Another coroner in New Zealand has called for cyclists to wear high-viz following the death of an elderly man who was hit by a car.
Ian Grant Scott, 72, was actually wearing a fluorescent jacket at the time of his death in Green Island, Dunedin last year, but Otago-Southland coroner David Crerar said that it appeared he had not been fully aware of traffic.
He was also not wearing his hearing aid, fearing that it would get sweaty and stop working.
According to Stuff NZ, Mr Crerar said that shortly before colliding with the car, Mr Scott had veered toward the centre of the road, into the path of an oncoming car.
The driver was considered by police and the coroner not to have done anything wrong.
He said: "It can only be speculation, but if Ian Scott had been wearing his hearing aids, he may have heard the Honda approaching and he may have paid more particular attention to staying on the left-hand side of the road."
"In my view, it is always appropriate for those riding cycles on roads carrying other vehicular traffic to do all that they can to ensure they make themselves visible to other road users.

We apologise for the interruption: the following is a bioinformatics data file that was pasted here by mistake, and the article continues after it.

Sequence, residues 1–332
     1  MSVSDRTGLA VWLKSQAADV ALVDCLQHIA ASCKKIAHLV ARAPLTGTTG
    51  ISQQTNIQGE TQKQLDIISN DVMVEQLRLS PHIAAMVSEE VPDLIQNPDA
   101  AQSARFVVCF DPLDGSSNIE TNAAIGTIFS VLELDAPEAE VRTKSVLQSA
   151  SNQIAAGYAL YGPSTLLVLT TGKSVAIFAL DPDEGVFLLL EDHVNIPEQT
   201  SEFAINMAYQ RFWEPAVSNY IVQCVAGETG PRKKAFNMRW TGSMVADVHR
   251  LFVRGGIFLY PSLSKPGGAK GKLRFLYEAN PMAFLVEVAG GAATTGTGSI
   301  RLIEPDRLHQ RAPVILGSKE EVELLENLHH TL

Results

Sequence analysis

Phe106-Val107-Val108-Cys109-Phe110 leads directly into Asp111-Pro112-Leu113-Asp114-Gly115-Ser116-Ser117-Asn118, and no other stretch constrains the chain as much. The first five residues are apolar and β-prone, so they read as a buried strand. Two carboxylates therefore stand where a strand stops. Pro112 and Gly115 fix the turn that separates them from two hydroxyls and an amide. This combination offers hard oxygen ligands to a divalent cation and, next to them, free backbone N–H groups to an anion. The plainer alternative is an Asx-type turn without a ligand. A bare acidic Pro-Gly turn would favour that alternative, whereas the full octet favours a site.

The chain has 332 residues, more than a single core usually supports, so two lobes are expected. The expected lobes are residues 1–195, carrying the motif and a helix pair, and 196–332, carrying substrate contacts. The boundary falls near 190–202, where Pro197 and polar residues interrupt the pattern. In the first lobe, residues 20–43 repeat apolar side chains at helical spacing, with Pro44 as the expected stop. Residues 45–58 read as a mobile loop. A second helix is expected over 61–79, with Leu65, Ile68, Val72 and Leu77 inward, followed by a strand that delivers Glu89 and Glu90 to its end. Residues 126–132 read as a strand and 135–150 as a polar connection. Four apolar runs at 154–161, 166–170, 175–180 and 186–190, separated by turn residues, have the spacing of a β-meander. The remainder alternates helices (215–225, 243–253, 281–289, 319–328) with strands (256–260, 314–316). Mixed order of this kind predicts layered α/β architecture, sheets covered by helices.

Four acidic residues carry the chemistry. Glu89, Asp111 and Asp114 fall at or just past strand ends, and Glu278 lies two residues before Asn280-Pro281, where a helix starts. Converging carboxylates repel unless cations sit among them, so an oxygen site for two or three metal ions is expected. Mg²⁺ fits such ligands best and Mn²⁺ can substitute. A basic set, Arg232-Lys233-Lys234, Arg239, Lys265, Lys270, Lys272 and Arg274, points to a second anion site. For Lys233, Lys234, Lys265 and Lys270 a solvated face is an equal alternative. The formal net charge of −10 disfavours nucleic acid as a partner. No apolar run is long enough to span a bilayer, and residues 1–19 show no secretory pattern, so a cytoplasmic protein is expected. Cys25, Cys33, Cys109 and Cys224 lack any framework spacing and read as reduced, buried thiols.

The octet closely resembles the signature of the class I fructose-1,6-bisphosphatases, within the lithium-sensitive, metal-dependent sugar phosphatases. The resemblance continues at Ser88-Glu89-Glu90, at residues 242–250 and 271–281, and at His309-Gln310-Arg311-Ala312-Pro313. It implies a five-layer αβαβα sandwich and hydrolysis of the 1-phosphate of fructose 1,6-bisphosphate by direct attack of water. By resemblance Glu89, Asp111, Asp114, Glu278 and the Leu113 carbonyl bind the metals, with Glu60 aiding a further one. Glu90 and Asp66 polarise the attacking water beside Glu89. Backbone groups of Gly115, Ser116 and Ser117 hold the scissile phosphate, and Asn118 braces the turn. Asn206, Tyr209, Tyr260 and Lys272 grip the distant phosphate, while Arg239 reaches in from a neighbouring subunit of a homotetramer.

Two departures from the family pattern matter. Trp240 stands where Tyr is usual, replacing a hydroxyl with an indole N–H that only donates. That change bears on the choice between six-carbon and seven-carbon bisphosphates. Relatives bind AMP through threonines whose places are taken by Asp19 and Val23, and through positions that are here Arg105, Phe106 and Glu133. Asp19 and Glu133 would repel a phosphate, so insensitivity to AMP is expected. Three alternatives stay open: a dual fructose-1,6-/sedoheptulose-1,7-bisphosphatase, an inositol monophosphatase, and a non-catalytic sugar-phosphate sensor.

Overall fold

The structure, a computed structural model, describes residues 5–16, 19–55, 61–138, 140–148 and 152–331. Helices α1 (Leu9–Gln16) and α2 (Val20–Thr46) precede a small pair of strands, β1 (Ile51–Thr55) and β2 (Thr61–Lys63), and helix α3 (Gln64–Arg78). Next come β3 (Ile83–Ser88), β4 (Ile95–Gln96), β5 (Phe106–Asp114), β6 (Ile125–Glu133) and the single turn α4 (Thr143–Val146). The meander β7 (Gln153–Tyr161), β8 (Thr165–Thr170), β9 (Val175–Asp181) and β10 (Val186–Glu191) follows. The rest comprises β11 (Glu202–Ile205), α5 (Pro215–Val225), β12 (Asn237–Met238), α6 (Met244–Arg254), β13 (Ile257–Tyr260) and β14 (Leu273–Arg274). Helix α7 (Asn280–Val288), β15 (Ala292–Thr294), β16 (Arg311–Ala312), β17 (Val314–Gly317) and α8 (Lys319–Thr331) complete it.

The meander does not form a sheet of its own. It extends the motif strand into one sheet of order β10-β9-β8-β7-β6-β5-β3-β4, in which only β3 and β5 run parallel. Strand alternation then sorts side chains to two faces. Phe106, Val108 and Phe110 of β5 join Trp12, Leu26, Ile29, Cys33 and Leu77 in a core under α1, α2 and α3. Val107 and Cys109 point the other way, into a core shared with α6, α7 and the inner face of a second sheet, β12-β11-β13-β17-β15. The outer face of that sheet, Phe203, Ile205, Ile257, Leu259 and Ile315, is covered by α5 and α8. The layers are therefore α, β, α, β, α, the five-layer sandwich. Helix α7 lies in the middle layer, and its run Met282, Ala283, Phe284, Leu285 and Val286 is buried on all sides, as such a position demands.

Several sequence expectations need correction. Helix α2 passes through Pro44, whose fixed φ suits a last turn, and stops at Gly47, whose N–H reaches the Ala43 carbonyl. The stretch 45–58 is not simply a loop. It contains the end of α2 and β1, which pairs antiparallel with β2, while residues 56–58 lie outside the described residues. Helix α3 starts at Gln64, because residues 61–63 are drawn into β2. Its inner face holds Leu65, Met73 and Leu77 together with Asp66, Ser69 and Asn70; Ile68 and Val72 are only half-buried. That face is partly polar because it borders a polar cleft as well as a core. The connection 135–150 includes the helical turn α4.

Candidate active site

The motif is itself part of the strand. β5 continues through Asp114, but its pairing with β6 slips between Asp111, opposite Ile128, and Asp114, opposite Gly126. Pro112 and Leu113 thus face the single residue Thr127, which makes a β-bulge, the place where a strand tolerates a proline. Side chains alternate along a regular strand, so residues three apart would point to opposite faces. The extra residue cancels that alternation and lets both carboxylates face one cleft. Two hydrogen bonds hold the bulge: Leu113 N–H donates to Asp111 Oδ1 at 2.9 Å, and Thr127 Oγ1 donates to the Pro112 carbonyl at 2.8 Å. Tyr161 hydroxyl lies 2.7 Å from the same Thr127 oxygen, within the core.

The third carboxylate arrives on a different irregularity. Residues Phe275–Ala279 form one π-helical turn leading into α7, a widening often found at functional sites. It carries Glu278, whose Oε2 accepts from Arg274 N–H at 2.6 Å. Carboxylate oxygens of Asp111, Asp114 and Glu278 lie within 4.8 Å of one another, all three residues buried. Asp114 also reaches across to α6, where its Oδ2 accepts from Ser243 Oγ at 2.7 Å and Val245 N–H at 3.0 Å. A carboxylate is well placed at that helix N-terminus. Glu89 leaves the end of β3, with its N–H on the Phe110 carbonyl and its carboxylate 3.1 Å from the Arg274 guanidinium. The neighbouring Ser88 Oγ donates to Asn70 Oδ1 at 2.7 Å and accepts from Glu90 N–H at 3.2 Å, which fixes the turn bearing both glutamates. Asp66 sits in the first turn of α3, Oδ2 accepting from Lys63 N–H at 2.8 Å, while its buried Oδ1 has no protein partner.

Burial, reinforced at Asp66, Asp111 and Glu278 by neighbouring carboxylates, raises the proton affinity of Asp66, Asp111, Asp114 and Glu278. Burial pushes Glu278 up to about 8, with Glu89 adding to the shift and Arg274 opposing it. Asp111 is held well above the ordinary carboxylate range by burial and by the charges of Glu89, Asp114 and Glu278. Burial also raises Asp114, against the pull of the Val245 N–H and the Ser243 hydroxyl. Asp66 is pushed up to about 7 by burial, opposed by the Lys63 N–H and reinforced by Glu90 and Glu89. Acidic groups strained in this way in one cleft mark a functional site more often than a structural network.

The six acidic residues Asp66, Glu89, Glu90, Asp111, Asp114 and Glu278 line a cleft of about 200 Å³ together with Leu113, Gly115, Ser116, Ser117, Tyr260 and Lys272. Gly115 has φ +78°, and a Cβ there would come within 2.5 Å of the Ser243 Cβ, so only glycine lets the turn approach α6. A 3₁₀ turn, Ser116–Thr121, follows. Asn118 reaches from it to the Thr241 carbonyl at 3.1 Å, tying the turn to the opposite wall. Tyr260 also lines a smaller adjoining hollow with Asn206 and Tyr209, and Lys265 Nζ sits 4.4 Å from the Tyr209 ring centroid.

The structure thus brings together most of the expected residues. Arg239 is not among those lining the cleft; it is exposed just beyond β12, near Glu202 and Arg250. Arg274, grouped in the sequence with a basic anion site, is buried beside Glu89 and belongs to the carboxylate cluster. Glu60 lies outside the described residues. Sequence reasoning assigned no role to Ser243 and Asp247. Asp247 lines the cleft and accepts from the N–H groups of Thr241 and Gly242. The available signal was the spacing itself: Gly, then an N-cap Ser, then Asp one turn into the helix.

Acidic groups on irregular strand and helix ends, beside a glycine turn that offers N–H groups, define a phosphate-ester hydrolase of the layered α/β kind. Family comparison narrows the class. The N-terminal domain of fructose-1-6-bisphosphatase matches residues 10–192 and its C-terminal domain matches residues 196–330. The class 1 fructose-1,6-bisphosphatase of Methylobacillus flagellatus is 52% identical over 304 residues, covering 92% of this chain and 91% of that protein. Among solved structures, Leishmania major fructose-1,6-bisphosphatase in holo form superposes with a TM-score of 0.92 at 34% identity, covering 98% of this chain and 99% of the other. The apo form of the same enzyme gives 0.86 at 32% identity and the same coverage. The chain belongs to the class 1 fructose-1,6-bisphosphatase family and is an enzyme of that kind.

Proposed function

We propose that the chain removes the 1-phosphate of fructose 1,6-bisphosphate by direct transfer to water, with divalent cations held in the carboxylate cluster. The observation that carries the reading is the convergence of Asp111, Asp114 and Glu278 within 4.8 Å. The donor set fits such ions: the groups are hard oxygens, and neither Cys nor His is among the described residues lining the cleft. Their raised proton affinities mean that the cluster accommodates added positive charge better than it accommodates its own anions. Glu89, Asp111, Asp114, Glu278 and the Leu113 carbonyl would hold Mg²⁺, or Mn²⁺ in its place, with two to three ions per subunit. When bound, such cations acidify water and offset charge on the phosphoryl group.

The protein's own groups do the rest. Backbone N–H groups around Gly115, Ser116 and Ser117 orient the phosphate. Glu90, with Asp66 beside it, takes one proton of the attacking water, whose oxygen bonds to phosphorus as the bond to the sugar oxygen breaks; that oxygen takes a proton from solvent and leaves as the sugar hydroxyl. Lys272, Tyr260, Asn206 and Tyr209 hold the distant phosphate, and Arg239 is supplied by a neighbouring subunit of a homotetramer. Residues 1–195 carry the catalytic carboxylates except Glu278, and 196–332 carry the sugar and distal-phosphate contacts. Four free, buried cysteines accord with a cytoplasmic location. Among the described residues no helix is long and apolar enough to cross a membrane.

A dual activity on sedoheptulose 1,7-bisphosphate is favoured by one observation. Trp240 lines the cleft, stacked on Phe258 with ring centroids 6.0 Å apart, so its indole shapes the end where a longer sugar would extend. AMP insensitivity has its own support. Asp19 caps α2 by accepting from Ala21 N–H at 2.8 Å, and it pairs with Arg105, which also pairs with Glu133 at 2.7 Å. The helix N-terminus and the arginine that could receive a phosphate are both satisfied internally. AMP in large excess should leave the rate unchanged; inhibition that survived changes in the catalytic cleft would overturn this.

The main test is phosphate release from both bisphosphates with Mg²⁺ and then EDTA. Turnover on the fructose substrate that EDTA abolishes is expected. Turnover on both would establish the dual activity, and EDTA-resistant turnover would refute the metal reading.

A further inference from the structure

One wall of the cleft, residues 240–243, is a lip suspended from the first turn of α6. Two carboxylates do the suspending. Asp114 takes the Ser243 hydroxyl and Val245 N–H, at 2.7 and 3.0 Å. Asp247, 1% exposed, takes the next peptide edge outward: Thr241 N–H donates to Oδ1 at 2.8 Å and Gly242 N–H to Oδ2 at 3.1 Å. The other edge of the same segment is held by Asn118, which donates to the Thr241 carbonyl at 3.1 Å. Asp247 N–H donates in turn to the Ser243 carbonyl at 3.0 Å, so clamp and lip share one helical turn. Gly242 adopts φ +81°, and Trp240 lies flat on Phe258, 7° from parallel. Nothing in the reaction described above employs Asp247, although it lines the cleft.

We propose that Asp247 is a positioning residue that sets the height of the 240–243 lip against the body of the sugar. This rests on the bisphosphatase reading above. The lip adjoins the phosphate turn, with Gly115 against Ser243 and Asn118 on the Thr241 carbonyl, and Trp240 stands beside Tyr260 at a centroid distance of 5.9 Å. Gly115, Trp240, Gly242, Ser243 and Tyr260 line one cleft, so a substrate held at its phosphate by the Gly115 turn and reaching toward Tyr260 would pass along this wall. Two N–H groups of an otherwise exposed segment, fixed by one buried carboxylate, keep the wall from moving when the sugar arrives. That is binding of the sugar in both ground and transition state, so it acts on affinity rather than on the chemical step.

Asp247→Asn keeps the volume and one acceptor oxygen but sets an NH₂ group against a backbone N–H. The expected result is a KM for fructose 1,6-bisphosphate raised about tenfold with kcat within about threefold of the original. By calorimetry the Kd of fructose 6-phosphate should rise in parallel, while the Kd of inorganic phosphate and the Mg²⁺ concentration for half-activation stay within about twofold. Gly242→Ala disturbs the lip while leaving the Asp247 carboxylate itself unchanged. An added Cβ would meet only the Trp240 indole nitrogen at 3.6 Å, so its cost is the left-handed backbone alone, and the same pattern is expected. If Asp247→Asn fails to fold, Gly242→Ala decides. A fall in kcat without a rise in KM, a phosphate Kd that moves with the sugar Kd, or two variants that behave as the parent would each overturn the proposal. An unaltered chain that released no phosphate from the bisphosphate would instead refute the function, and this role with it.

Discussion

"Riders of bicycles, particularly on main roads, owe a duty and a responsibility to other road users."
These new comments come after New Zealand’s Ministry of Transport was said to be considering another coroner’s request to make high-visibility clothing compulsory for cyclists.
The coroner, who described it as a "no-brainer" and said it should apply to all cyclists riding in public at all times, made his recommendation in the case of a senior police officer originally from the UK who was described as “the face of road policing” in the country.
Jane Dawson, representing the Cycling Advocates Network, insisted to the coroner that hi-vis clothing would not have prevented Superintendent Fitzgerald’s death.
However, Brenden Crocker, a spokesman for the Ministry of Transport, commented that it was giving serious consideration to the coroner’s comments.
<p>After an unpromising start, having to be bribed by her parents to learn to ride without stabilisers, Sarah became rather keener on cycling in her university years, and was eventually persuaded to upgrade to proper road cycling by the prospect of a shiny red Italian bike, which she promptly destroyed by trapping a pair of knickers in the rear derailleur. Sarah writes about about cycling every weekend on road.cc.</p>